- Scott Kelly (right), who lived aboard the International Space Station for 340 days, is pictured alongside his identical twin brother Mark (left) who remained on Earth
It may come as no surprise that an extended trip to space can take its toll on the Human Body – but, at the molecular level, the mechanisms that drive these changes largely remain a mystery.
Now, in efforts to better understand the effects of weightlessness, scientists have Analyzed Protein Composition in blood samples of 18 Russian cosmonauts who each partook in long-duration missions to the International Space Station.
This revealed that space flight causes the immune system to ‘turn on all possible defense systems’ in the face of the unfamiliar threat, leading to significant changes all throughout the human body, from the organs down to the tissues and cells.
While studies since the mid-20th century have uncovered many of the effects of spaceflight on metabolism, thermoregulation, heart biorhythms, muscle tone, the respiration system, and other physiological factors, less is known about the processes at the molecular level.
So, the researchers from Russia and Canada analyzed proteins from the cosmonauts, as proteins play a key role in adaptive processes.
Using a mass spectrometer, the team measured concentrations of 125 proteins in blood plasma collected from 18 Russian cosmonauts 30 days before flight, immediately after their return to Earth, and seven days after that.
This allowed them to see the fluctuations in the protein concentration, and determine how quickly they bounce back to normal.
‘For the research, we took a set of proteins – non-infections disease biomarkers,’ said MIPT Professor Evgeny Nikolaev.
‘The results showed that in weightlessness, the immune system acts like it does when the body is infected because the human body doesn’t know what to do and tries to turn on all possible defense systems.’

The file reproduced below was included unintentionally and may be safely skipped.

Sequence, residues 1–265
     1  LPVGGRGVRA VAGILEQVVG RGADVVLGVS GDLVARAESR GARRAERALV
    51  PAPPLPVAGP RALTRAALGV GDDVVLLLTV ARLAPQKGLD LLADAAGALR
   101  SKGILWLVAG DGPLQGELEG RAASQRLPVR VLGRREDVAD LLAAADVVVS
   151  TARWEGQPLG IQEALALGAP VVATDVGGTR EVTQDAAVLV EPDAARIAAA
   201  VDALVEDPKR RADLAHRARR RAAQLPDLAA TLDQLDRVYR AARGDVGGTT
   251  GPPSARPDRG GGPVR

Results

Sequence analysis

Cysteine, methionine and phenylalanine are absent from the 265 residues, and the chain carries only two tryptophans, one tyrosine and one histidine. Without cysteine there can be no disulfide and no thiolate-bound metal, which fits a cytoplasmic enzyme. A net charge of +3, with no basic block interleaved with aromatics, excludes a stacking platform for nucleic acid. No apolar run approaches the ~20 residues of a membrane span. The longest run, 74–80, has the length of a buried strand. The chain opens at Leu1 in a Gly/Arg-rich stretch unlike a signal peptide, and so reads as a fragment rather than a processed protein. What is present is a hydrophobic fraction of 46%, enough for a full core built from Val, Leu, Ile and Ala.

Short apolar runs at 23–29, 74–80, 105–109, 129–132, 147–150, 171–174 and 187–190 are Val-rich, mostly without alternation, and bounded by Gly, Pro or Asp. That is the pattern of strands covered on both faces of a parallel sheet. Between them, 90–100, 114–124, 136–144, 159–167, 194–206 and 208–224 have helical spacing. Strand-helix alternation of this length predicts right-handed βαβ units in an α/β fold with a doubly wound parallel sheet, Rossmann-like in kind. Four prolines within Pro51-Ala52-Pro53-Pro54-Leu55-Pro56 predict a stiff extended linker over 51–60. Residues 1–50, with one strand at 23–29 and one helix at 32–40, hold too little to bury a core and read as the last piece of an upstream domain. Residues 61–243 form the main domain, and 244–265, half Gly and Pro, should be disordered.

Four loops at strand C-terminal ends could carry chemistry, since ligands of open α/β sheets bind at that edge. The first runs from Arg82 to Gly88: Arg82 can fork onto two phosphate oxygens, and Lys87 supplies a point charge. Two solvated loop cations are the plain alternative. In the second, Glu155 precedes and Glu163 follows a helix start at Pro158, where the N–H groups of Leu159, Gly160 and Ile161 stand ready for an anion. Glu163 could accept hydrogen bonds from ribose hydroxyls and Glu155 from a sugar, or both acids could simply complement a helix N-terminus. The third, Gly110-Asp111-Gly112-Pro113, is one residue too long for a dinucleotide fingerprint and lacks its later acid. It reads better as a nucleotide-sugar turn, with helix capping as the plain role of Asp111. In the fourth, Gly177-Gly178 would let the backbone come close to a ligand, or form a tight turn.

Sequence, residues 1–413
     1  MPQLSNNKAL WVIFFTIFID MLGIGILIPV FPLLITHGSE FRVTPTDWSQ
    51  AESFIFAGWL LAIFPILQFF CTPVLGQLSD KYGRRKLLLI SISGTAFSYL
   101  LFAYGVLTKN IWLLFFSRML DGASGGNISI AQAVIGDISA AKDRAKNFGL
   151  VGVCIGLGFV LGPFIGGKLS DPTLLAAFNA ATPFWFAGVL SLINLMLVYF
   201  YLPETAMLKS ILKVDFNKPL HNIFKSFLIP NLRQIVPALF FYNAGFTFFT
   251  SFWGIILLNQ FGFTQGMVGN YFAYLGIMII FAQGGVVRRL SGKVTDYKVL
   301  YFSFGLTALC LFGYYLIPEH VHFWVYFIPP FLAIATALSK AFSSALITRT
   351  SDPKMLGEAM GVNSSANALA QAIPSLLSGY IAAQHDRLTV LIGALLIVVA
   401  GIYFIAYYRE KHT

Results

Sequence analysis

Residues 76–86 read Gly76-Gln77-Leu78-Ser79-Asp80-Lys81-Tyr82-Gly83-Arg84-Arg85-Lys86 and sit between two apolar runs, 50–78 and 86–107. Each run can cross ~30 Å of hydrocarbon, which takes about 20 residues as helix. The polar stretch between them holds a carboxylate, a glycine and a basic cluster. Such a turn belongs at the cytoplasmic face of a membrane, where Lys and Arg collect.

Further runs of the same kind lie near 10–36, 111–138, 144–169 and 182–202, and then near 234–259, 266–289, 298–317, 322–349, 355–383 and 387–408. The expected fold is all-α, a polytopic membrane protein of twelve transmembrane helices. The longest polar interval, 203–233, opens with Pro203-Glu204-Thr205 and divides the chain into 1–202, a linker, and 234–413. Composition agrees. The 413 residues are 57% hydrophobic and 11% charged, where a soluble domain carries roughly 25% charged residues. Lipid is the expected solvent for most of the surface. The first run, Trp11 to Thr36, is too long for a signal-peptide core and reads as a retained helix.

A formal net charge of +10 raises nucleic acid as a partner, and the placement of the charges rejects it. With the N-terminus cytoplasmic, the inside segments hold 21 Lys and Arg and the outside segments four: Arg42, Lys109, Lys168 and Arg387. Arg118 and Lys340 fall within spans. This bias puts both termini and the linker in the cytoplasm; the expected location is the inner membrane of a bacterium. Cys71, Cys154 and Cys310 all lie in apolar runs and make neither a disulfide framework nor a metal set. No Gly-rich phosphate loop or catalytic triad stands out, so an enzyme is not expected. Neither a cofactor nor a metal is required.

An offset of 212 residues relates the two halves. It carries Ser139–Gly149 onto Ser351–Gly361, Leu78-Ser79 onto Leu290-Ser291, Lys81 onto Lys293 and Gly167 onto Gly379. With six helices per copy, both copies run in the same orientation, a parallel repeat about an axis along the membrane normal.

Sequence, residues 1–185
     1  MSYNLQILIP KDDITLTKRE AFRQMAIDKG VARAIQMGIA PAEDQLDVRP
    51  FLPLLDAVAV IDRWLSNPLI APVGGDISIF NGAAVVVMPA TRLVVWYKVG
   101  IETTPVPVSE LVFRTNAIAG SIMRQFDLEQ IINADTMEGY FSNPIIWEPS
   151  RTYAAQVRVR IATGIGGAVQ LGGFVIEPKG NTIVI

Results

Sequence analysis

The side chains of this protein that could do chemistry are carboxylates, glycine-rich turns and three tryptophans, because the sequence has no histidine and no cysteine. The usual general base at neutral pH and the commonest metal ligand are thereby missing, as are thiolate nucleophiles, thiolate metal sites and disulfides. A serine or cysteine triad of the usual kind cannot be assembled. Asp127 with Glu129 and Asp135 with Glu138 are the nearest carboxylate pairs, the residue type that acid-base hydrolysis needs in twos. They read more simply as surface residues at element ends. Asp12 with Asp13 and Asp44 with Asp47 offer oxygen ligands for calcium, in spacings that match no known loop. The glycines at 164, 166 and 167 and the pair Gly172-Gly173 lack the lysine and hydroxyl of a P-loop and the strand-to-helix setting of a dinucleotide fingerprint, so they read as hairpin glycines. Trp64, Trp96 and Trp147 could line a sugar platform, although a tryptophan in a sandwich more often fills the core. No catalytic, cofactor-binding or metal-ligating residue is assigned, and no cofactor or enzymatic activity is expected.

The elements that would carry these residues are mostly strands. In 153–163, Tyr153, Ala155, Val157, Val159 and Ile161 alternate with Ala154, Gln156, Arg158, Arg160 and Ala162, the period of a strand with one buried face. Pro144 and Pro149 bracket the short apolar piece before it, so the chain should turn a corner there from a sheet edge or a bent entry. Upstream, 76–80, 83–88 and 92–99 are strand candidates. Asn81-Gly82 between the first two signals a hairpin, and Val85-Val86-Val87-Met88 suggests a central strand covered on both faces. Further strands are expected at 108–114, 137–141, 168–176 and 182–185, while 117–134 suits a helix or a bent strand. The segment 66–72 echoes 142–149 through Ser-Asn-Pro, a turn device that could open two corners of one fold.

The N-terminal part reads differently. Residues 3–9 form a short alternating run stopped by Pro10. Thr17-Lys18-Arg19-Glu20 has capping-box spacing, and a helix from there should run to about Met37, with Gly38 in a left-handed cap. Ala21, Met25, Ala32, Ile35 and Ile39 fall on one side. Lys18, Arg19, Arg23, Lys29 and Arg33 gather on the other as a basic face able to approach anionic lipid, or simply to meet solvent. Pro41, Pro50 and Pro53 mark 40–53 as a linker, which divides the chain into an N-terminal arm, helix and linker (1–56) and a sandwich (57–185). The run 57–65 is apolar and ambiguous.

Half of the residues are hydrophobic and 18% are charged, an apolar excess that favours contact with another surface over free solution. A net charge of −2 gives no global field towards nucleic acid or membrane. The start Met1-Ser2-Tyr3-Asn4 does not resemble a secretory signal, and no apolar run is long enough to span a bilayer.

The researchers found some protein concentrations remained the same across the study, while others did change, but quickly returned to normal.
Others, however, recovered more slowly.
As space agencies around the world plan for manned missions further into space than ever before, it’s crucial to understand how this could affect the astronauts’ bodies.
The results suggest the body is not equipped with the mechanisms to specifically cope with the effects of space flight, prompting it to try everything in its power in order to adapt.
‘For this study, we began by using quantitative proteomics to study the cosmonauts’ blood indicators, so we detected not only the presence of a protein but its amount as well,’ Nikolaev said.
‘We plan to use a targeted approach in the future to detect more specific proteins responsible for the human response to space conditions.
‘To do this, the cosmonauts will have to take blood tests while in orbit.’
(The Mail, UK)